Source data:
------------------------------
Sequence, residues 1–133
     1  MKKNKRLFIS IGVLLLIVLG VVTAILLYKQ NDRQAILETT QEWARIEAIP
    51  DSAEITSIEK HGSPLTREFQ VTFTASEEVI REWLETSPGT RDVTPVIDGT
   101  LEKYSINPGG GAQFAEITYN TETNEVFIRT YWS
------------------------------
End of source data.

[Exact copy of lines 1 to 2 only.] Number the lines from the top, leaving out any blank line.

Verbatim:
Sequence, residues 1–133
     1  MKKNKRLFIS IGVLLLIVLG VVTAILLYKQ NDRQAILETT QEWARIEAIP